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A PARAMETRIC COMPARATIVE STUDY OF ELECTROCOAGULATION AND COAGULATION OF AQUEOUS SUSPENSIONS OF KAOLINITE AND QUARTZ POWDERS

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A PARAMETRIC COMPARATIVE STUDY OF ELECTROCOAGULATION AND COAGULATION OF AQUEOUS SUSPENSIONS OF KAOLINITE AND QUARTZ POWDERS A THESIS SUBMITTED TO THE GRADUATE SCHOOL OF NATURAL AND APPLIED SCIENCES OF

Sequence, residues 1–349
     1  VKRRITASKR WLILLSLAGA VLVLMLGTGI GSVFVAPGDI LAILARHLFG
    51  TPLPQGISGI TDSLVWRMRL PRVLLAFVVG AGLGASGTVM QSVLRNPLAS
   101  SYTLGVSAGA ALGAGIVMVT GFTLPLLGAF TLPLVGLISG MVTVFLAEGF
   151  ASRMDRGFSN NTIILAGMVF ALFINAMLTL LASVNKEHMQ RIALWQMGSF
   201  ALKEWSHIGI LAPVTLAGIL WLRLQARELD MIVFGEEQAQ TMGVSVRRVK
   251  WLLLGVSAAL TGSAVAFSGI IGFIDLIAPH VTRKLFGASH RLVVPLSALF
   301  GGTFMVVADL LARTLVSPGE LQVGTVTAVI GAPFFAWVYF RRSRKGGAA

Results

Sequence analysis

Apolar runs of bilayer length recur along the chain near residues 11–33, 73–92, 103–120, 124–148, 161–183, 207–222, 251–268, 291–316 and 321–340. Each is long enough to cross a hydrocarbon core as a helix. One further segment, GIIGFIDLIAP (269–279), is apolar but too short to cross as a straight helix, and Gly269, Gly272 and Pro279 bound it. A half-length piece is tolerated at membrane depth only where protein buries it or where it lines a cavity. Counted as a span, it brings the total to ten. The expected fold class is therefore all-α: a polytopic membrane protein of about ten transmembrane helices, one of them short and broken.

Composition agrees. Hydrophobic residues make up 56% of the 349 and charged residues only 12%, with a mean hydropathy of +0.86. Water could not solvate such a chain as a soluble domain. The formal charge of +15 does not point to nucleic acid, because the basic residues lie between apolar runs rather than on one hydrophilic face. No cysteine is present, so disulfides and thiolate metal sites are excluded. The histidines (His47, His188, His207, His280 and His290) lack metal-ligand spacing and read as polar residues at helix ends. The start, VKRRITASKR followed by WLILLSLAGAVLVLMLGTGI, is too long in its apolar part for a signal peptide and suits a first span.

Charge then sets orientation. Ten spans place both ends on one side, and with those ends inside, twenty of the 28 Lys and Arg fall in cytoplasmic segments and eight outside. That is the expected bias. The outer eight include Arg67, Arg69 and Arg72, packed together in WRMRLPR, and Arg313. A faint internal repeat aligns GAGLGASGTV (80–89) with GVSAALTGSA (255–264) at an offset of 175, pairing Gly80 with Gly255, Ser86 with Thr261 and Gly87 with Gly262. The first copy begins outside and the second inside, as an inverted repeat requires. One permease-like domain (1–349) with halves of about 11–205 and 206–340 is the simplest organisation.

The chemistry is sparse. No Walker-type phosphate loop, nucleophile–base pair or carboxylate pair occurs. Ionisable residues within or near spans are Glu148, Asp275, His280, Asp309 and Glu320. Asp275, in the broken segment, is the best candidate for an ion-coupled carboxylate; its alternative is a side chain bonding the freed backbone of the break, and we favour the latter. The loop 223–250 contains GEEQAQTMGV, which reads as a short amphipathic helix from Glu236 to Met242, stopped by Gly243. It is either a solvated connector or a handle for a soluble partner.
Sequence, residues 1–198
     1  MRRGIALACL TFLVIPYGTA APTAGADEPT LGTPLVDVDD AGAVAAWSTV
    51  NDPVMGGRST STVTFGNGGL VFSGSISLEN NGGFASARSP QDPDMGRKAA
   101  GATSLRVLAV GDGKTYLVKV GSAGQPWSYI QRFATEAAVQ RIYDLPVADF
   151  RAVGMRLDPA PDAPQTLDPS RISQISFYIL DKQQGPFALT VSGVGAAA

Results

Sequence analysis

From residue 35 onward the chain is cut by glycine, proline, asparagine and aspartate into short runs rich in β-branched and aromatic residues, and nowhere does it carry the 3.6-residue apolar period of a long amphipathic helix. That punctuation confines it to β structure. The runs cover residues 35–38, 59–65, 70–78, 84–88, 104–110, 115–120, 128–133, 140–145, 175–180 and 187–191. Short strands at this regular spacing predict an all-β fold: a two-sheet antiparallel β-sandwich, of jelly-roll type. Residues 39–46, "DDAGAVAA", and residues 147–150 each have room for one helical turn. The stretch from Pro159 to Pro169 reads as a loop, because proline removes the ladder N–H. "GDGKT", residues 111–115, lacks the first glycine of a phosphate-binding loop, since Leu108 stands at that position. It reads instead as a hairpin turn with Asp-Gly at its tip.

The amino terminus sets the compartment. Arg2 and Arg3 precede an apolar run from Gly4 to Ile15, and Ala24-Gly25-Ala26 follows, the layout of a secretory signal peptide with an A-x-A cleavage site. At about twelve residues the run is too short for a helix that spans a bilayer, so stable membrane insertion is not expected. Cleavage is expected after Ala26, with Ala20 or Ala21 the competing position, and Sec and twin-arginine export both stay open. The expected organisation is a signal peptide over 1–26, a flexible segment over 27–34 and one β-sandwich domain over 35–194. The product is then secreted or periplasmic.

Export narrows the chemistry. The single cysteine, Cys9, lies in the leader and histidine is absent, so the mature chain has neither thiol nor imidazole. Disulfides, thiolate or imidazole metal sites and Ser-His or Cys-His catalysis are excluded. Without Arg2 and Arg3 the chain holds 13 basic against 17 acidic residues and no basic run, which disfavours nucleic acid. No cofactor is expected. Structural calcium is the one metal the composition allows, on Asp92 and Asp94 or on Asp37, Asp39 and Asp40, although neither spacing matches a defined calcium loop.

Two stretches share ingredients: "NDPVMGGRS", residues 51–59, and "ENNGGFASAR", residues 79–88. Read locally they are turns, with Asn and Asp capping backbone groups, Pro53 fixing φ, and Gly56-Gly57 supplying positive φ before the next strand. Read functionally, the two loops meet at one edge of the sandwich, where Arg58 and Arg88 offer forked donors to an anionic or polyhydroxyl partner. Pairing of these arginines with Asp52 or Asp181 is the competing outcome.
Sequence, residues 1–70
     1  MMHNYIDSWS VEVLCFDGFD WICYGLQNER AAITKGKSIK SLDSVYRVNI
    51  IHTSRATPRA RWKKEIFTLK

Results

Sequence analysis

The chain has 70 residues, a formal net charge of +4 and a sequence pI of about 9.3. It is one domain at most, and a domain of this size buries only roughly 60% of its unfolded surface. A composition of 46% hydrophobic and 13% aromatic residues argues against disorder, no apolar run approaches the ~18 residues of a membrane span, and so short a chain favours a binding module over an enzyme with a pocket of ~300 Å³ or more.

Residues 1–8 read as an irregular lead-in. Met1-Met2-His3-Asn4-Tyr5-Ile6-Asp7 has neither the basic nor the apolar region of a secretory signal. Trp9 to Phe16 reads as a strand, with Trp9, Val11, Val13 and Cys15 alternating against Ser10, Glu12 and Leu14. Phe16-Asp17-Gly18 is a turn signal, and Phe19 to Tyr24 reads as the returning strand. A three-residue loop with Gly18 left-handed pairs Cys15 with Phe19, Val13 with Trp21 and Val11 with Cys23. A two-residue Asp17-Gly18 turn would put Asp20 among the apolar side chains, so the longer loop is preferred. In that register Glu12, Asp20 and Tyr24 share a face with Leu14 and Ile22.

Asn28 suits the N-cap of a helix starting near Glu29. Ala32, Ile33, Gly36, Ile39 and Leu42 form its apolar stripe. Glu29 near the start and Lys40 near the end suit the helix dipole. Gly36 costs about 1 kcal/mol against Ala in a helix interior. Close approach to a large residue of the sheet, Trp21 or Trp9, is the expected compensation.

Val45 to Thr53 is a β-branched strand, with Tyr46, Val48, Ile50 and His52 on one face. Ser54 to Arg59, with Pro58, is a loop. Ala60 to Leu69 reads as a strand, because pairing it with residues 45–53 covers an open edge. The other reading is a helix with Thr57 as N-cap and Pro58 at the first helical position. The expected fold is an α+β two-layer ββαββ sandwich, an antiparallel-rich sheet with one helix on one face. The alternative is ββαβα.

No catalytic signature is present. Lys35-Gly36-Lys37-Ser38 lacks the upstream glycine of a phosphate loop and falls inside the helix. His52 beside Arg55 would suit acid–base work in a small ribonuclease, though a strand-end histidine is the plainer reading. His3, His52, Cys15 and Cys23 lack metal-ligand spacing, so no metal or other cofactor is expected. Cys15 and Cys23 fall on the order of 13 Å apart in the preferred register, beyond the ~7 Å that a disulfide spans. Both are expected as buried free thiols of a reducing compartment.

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A PARAMETRIC COMPARATIVE STUDY OF ELECTROCOAGULATION AND COAGULATION OF AQUEOUS SUSPENSIONS OF KAOLINITE AND QUARTZ POWDERS A THESIS SUBMITTED TO THE GRADUATE SCHOOL OF NATURAL AND APPLIED SCIENCES OF MIDDLE EAST TECHNICAL UNIVERSITY BY MEHTAP GÜLSÜN KILIÇ IN PARTIAL FULFILLMENT OF THE REQUIREMENTS FOR THE DEGREE OF DOCTOR OF PHILOSOPHY IN MINING ENGINEERING DECEMBER 2009 Approval of the thesis: A PARAMETRIC COMPARATIVE STUDY OF ELECTROCOAGULATION AND COAGULATION OF AQUEOUS SUSPENSIONS OF KAOLINITE AND QUARTZ POWDERS submitted by MEHTAP GÜLSÜN KILIÇ in partial fulfillment of the requirements for the degree of Doctor of Philosophy in Mining Engineering Department, Middle East Technical University by, Prof. Dr. Canan Özgen Dean, Graduate School of Natural and Applied Sciences Prof. Dr. Ali İhsan Arol Head of Department, Mining Engineering Prof. Dr. Çetin Hoşten Supervisor, Mining Engineering Dept., METU Examining Committee Members: Prof. Dr. Mustafa Ümit Atalay Mining Engineering Dept., METU Prof. Dr. Çetin Hoşten Mining Engineering Dept., METU Prof. Dr. Şahinde Demirci Chemistry Dept., METU Prof. Dr. Ali İhsan Arol Mining Engineering Dept., METU Dr. Nuray Karapınar General Directorate of Mineral Research and Exploration Technology Department Date: I hereby declare that all information in this document has been obtained and presented in accordance with academic rules and ethical conduct. I also declare that, as required by these rules and conduct, I have fully cited and referenced all material and results that are not original to this work. Name, Last name: Mehtap Gülsün KILIÇ Signature : iii ABSTRACT A PARAMETRIC COMPARATIVE STUDY OF ELECTROCOAGULATION AND COAGULATION OF AQUEOUS SUSPENSIONS OF KAOLINITE AND QUARTZ POWDERS Kılıç, Mehtap Gülsün Ph.D., Department of Mining Engineering Supervisor: Prof. Dr. Çetin Hoşten December 2009, 139 pages Mineral treatment processes generally produce wastewaters containing ultrafine and colloidal particles that cause pollution upon their discharge into environment. It is essential that they should be removed from the wastewater before discharge. This study was undertaken by using synthetic turbid systems containing kaolinite and quartz particles in water with the amount of 0.20 g/l and 0.32 g/l, respectively. Removal of the turbidity was tried in two ways; electrocoagulation with aluminum anode and conventional coagulation with aluminum sulfate. Several key parameters affecting the efficiency of electrocoagulation and coagulation were investigated with laboratory scale experiments in search of optimal parameter values. Optimal values of the parameters were determined on the basis of the efficiency of turbidity removal from ultrafine suspensions. The parameters investigated in the study were suspension ph, electrical potential, current density, electrocoagulation time, and iv aluminum dosage. This study was also performed to compare electrocoagulation and conventional coagulation regarding the ph ranges under investigation and coagulant dosages applied. A comparison between electrocoagulation and coagulation was made on the basis of total dissolved aluminum, revealing that electrocoagulation and coagulation were equally effective at the same aluminum dosage for the removal of ultrafine particles from suspensions. Coagulation was more effective in a wider ph range (ph 5-8) than electrocoagulation, which yielded optimum effectiveness in a relatively narrower ph range around 9. In both methods, these ph values corresponded to near-zero zeta potentials of coagulated kaolinite and quartz particles. The mechanism for both coagulation methods was aggregation through charge neutralization and/or enmeshment in aluminum hydroxide precipitates. Furthermore, the experimental results confirmed that electrocoagulation could display some ph buffering capacity. The kinetics of electrocoagulation was very fast ( 10 min) in approaching a residual turbidity, which could be modeled with a second-order rate equation. Keywords: Electrocoagulation, conventional coagulation, zeta potential, kaolinite suspension, quartz suspension, turbidity. v ÖZ İNCE TANELİ KAOLİNİT VE KUVARS SÜSPANSİYONLARININ ELEKTROKOAGÜLASYONU VE KOAGÜLASYONU ÜZERİNE KARŞILAŞTIRMALI PARAMETRİK BİR ÇALIŞMA Kılıç, Mehtap Gülsün Doktora, Maden Mühendisliği Bölümü Tez Yöneticisi: Prof. Dr. Çetin Hoşten Aralık 2009, 139 sayfa Cevher hazırlama işlemleri genellikle ince taneli ve koloidal maddeler içeren atıksular üretmekte ve bunlarda çevresel problemlere yol açmaktadırlar. Bu maddelerin çevreye atılmadan önce atıksulardan uzaklaştırılması gerekmektedir. Bu çalışmada, bir litre suda 0.20 g kaolinit ve yine 1 litre suda 0.32 gr kuvarsın kolloid olarak dağıtılmasıyla, sentetik olarak bulanık çözeltiler hazırlanmıştır. Hazırlanan çözeltilerdeki bulanıklık iki yolla giderilmeye çalışılmıştır. Birinde, alüminyum metali anot olarak kullanılıp alüminyum iyonları elde edilmiş ve bulanıklık yapan tanecikler koagüle edilmiş; diğerinde, alüminyum sülfat çözeltisi kullanılarak bulanıklık yaratan tanecikler koagüle edilmiştir. Elektrokoagülasyon ve koagülasyon yöntemlerinin verimliliklerini etkileyen parametreler laboratuvar çaplı deneyler ile araştırılmıştır. Çalışmada, süspansiyon ph si, elektrik potansiyeli, akım yoğunluğu, elektrokoagülasyon zamanı ve alüminyum miktarları gibi değişkenlerin vi etkileri incelenmiştir. Bu çalışmada aynı zamanda, çalışılan ph aralıkları ve uygulanan alüminyum miktarları göz önüne alınarak, elektrokoagülasyon ile konvansiyonel koagülasyon yöntemleri karşılaştırılmıştır. Elektrokoagülasyon ve koagülasyon arasındaki karşılaştırma sistemde çözünen alüminyum miktarına göre yapılmış ve aynı alüminyum miktarlarında, süspansiyonlardan ince taneli maddelerin giderilmesinde, elektrokoagülasyon ve koagülasyonun aynı derecede etkili olduğu bulunmuştur. Bulanıklığın giderilmesinde, koagülasyon geniş bir ph aralığında (ph 5-8) etkilidir. Elektrokoagülasyon yönteminde bulanıklığın en fazla giderilmesi ph 9 da sağlanmıştır. Her iki yöntemde, bulanıklığın en çok giderilmesini sağlayan ph lerde kaolinit ve kuvars taneciklerinin zeta potansiyelinin sıfıra yaklaştığı bulunmuştur. Elektrokoagülasyon ve koagülasyon mekanizması, yüzey yükünün nötralizasyonu ve/veya alüminyum hidroksit çökeleğinin oluşması ile açıklanmıştır. Deneysel sonuçlar, elektrokoagülasyonda ph tamponlama olayının olduğu görülmüştür. Elektrokoagülasyon kinetiği, çok hızlı bulunmuş ( 10 dk) ve ikinci derece hız denklemi ile modellenmiştir. Anahtar Kelimeler: Elektrokoagülasyon, koagülasyon, zeta potansiyel, kaolinit süspansiyonu, kuvars süspansiyonu, bulanıklık. vii To My Parents and My Husband viii ACKNOWLEDGEMENTS I would like to express my deepest gratitude to Prof. Dr. Çetin Hoşten for his guidance, advice, criticism, encouragement and insight throughout the research. I would like to thank the Prof. Dr. Ali İhsan Arol for his constructive suggestions and helpful discussions. I also would like to express my sincere appreciation to Prof. Dr. Şahinde Demirci for her steady help, remarks, suggestions and sincere friendship during my study. I would like to thank to Tahsin Işıksal, İsmail Kaya, Mehmet Çakır for their help during laboratory work. I am particularly indebted to my friends, especially E. Pekpak, N. and K. Gedik, S. and Ş. Özün, S. Şalap, H. Mertyürek, M. Çırak, B. Kıran, T. Tuzcu, and N. Zayim for their invaluable help, encouragement and support. I wish to express my thanks to all my colleagues in the Mining Engineering Department for their assistance, guidance, and support during this research. I wish to express my special thanks to my mother Nilgün Gülsün, my father Nihat Gülsün, my sister Ebru, my nephew Mustafa, and Kılıç and Ünal families for their patience, support and love in every moment throughout my education. And, with all my heart, I would also like to thank my beloved husband Bora Kılıç for his encouragement and support. It would not be possible for me to achieve this goal without his patience, understanding and unconditional support. This study was supported by the BAP ix TABLE OF CONTENTS ABSTRACT... iv ÖZ... vi ACKNOWLEDGEMENTS... ix TABLE OF CONTENTS... x LIST OF TABLES... xiii LIST OF FIGURES... xiv CHAPTERS 1. INTRODUCTION General Aspects of Wastewater Treatment Coagulation Electrocoagulation Aim of the Study PHYSICO-CHEMICAL PROPERTIES OF COLLOIDAL SYSTEMS Particles in Aquatic Environment Light Scattering and Turbidity Origin of Charge on Particles Electrical Double Layer Effect of Electrolyte on the Electrical Double Layer Interaction between Particles Repulsion The van der Waals Attraction The Net Interaction Curve and Stability of Dispersed System Zeta Potential Coagulation x Hydrolyzing metal coagulants Electrocoagulation Description of the Technology Previous Studies MATERIALS AND METHODS Materials and Characterization Experimental Methods RESULTS AND DISCUSSION Material Characteristics Kaolinite Quartz Electrocoagulation and Coagulation of Kaolinite and Quartz in Suspensions Preliminary Testwork The Effect of Stirring Rate, Electrode Distance and Ultrasonic Treatment on Electrocoagulation The Effect of Time on Coagulation Relationship between Current Density, Conductivity, Energy Consumption, Turbidity Removal Efficiency and Amount of Aluminum Effect of Initial ph on Electrocoagulation and Coagulation Change in the Suspension ph during Electrocoagulation Effect of Voltage on Electrocoagulation Effect of Current Density and Time on Electrocoagulation Effect of Current Density on Electrocoagulation Effect of Time on Electrocoagulation Effect of Aluminum Dosage on Electrocoagulation and Coagulation CONCLUSIONS AND RECOMMENDATIONS REFERENCES xi APPENDICES A. PHYSICAL, CHEMICAL AND BIOLOGICAL CONSTITUENTS OF WASTEWATER B. THE HYDROLYSIS OF ALUMINUM C. ASTM C STANDARD TEST METHOD FOR METHYLENE BLUE INDEX OF CLAY D. PARTICLE SIZE DISTRIBUTION, XRD AND ZETA POTENTIAL DATA 132 CURRICULUM VITAE xii LIST OF TABLES TABLES Table 3.1 Experimental variables for electrocoagulation and coagulation experiments Table 4.1 BET surface analysis of kaolinite Table 4.2 Elemental composition (%) of kaolinite Table 4.3 BET surface analysis of quartz Table 4.4 Elemental composition (as % of oxides) of quartz Table 4.5 Concentration of NaCl added (g/l) and the resultant changes in current density and conductivity in kaolinite suspension Table 4.6 The concentration of NaCl added (g/l) and the resultant changes in current density and conductivity in quartz suspension Table 4.7 Comparison of electrocoagulation and conventional coagulation in terms of aluminum added or produced and turbidity removal efficiency for kaolinite and quartz suspension Table A.1 Common analyses used to assess the constituents found in wastewater.121 Table B.1 Calculation log concentration of aluminum species Table D.1 Particle size distribution data for kaolinite sample Table D.2 Kaolinite XRD data and ICDD card Table D.3 Kaolinite zeta potential data Table D.4 Particle size distribution data for quartz sample Table D.5 Quartz XRD data and ICDD card Table D.6 Quartz zeta potential data xiii LIST OF FIGURES FIGURES Figure 2.1 Diffuse electrical double layer model according to Stern-Gouy- Chapman Figure 2.2 Compression of double layer under the effect of electrolyte. n 1 n 2 n 3. n 1, n 2, n 3 electrolyte concentration Figure 2.3 Repulsive and attractive energy as a function of particle separation at three electrolyte concentrations Figure 2.4 Net interaction energy as a function of particle separation Figure 2.5 The structure and the potential profile in a double layer of flat surface.. 27 Figure 2.6 Destabilization and aggregation of particles Figure 2.7 Hydrolysis of Al 3+. (a) Hydrated aluminum cation. (Note: only 4 of 6 water molecules shown) (b) After loss of H + to give Al(OH) Figure 2.8 Solubility diagram of aluminum hydroxide Al(OH) 3(s) considering only monomeric aluminum species Figure 2.9 Bench-scale electrocoagulation reactor with monopolar electrodes in parallel connection Figure 2.10 Bench-scale electrocoagulation reactor with monopolar electrodes in series connection Figure 2.11 Bench-scale electrocoagulation reactor with bipolar electrodes in parallel connection Figure 3.1 Schematic diagram of electrocoagulation experimental setup (1) Power supply, (2) Magnetic stirrer, (3) Conductivity meter, (4) Voltmeter, (5) Ampermeter, (6) ph meter, (7) Turbidimeter, (8) Electrocoagulation cell, (9) Aluminum electrodes, (10) Stainless steel electrodes xiv Figure 3.2 Coagulation Unit (1) Magnetic Stirrer, (2) ph meter, (3) Conductivity meter, (4) Turbidimeter Figure 4.1 Particle size distribution of kaolinite Figure 4.2 XRD pattern of kaolinite sample (air dried). K: kaolinite, Q: quartz Figure 4.3 Infrared spectrum of the kaolinite Figure 4.4 The SEM micrograph kaolinite particles before coagulation Figure 4.5 The SEM micrograph of kaolinite particles after electrocoagulation Figure 4.6 The SEM micrograph of kaolinite particles after coagulation Figure 4.7 Zeta potential measurements of kaolinite sample at different ph Figure 4.8 Particle size distribution of quartz Figure 4.9 XRD pattern of quartz Figure 4.10 Infrared spectrum of quartz Figure 4.11 The SEM micrograph of quartz particles before coagulation Figure 4.12 The SEM micrograph of quartz particles after electrocoagulation Figure 4.13 The SEM micrograph of quartz particles after coagulation Figure 4.14 Zeta potential measurements of quartz sample at different ph Figure 4.15 The effect of stirring rate (rpm) on turbidity removal efficiency (ph: 9, 40 V; 10 min) Figure 4.16 The effect of electrode distance (mm) between the electrodes on turbidity removal efficiency (ph: 9, 40 V; 10 min) Figure 4.17 The effect of ultrasonic treatment on the electrocoagulation (ph: 9, 40 V; 10 min) Figure 4.18 The effect of coagulation time on turbidity removal efficiency of kaolinite and quartz from suspension (15 mg Al/L; ph: 6.5) Figure 4.19 The effect of conductivity on turbidity removal efficiency (ph: 9; 40 V; 10 min) Figure 4.20 The effect of current density (A/m 2 ) and conductivity (µs/cm) on energy consumption and total dissolved aluminum (g Al/m 2 ) in kaolinite suspension (ph:9; 40 V; 10 min) xv Figure 4.21 The effect of current density (A/m 2 ) and conductivity (µs/cm) on energy consumption (kwh/m 3 ) and amount of aluminum (g Al/m 2 ) in quartz suspension (ph:9; 40 V; 10 min) Figure 4.22 The effect of initial ph on the turbidity removal efficiency for kaolinite suspension (electrocoagulation: 40V; 10 min; coagulation 15 mg Al/L; 10 min) Figure 4.23 Zeta potential measurements after electrocoagulation (40 V; 10 min) and coagulation (15 mg Al/L; 10 min) of kaolinite suspension as a function of initial ph Figure 4.24 Turbidity removal efficiency for electrocoagulation (40 V; 10 min) and coagulation (15 mg Al/L; 10 min) experiments at different initial phs for quartz suspension Figure 4.25 Zeta potential measurements after electrocoagulation (40 V; 10 min) and coagulation (15 mg Al/L; 10 min) experiments at different initial phs for quartz suspension Figure 4.26 ph change after electrocoagulation of kaolinite and quartz suspensions (40 V; 10 min) Figure 4.27 The effect of applied voltage on current density and turbidity removal efficiency in the kaolinite suspension Figure 4.28 The effect of applied voltage on current density and turbidity removal efficiency in quartz suspension Figure 4.29 The effect of current density on turbidity removal efficiency for kaolinite and quartz suspensions (ph: 9; 40 V; 10 min) Figure 4.30 The effect of electrocoagulation time on the turbidity removal efficiency of kaolinite from suspension and kaolinite concentration (g/l) in the suspension (ph: 9; 40 V; 20 A/m 2 ) Figure 4.31 The effect of electrocoagulation time on the turbidity removal efficiency of kaolinite from suspension and kaolinite concentration (g/l) in the suspension (ph: 9; 40 V; 87 A/m 2 ) xvi Figure 4.32 The effect of electrocoagulation time on the turbidity removal efficiency of quartz from suspension and quartz concentration (g/l) in the suspension (ph: 9; 40 V; 20 A/m 2 ) Figure 4.33 The effect of electrocoagulation time on the turbidity removal efficiency of quartz from suspension and quartz concentration (g/l) in the suspension (ph: 9; 40 V; 87 A/m 2 ) Figure 4.34 The effect of aluminum dosage (mg/l) on kaolinite removal by electrocoagulation (ph: 9; 40 V; 10 min) and coagulation (ph: 6; 10 min) Figure 4.35 The effect of aluminum dosage (mg/l) on quartz removal by electrocoagulation (ph: 9; 40 V; 10 min) and coagulation (ph: 6; 10 min) Figure 4.36 Zeta potential measurement after kaolinite and quartz suspension coagulation as a function of aluminum dosage (ph: 6-6.5; coagulation time: 10 min) xvii CHAPTER 1 INTRODUCTION 1.1 General Aspects of Wastewater Treatment The materials in waters and wastewaters stem from land erosion, the mineral dissolution, the vegetation decay, and domestic and industrial waste discharges. Such materials may contain suspended and/or dissolved organic and/or inorganic materials, and various biological forms such as bacteria, algae, and viruses (Bratby, 2006). The main physical properties and the chemical and biological constituents of wastewater, and their sources, are reported in Appendix A. Total solid content, composed of floating, settleable, colloidal matters, and matter in solution, is the most important physical feature of wastewater (Tchobanoglous et al., 2003). Wastewater treatment techniques include biological processes for nitrification, denitrification, and phosphorous removal and physico-chemical treatment processes for filtration, air stripping, ion-exchange, chemical precipitation, oxidation, carbon adsorption, ultrafiltration, reverse osmosis, electrodialysis, volatilization and gas stripping. The common physico-chemical processes such as coagulation and flocculation require addition of chemicals. Electrochemical technologies which include electrocoagulation, electroflotation, and electrodecantation do not require chemical additions (Mollah et al., 2001). 1 Mineral treatment processes generally produce wastewaters including suspended and colloidal particles, such as clay particles. Dewatering of waste clay mineral tailings is an important part of mining and mineral processing activities worldwide. For instance, clay tailings which arise from hydrometallurgical processing of mineral ores are always seen but cause problems in waste treatment and disposal (McFarlane et al., 2006). Dewatering of the clay tailings is commonly achieved through flocculated, gravity-assisted thickening processes (Mpofu et al., 2005). Most colloidal particles are stable and remain in suspension, and thus lead to pollution in water into which they are discharged or degrade re-circulation water in processing plants (Rubio et al., 2002). The mutual repulsion among colloidal particles owing to the same sign of their surface charges is the main reason for the stability of the system. It is difficult to remove colloidal particles in gravitational sedimentation ponds or devices without any size enlargement treatment. Size enlargement treatment may involve destabilization of particles or collision of particles to form aggregates. Destabilization means either a rise in ionic strength of the medium or a neutralization of the surface charge of particles by the addition of chemicals called coagulants or flocculants. These chemicals promote different processes involved in the charge destabilization as they increase ionic strength, and adsorb on the surface of colloidal particle compensating its former electrical charge, and they